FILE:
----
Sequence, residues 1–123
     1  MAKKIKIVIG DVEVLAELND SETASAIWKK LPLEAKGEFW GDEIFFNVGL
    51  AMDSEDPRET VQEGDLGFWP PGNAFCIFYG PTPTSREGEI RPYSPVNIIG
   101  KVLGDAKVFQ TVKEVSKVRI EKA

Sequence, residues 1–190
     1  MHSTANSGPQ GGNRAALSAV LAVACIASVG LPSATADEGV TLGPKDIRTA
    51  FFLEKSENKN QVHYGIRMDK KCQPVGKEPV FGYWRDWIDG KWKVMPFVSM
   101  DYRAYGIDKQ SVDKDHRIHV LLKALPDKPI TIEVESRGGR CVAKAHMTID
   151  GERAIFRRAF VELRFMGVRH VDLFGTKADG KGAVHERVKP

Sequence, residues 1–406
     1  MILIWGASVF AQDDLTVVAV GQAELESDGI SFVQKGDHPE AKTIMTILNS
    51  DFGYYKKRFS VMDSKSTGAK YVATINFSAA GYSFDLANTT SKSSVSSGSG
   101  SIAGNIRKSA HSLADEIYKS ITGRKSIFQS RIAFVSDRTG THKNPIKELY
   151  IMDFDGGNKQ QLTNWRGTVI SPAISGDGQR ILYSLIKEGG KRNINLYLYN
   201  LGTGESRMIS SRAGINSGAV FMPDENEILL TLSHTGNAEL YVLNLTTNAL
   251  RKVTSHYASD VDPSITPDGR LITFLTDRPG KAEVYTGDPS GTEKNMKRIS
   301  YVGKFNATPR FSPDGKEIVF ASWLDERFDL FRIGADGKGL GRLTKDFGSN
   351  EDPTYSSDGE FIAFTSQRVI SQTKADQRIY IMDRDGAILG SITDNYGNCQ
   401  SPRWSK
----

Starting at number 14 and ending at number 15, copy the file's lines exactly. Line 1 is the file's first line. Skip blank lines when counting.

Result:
   151  IMDFDGGNKQ QLTNWRGTVI SPAISGDGQR ILYSLIKEGG KRNINLYLYN
   201  LGTGESRMIS SRAGINSGAV FMPDENEILL TLSHTGNAEL YVLNLTTNAL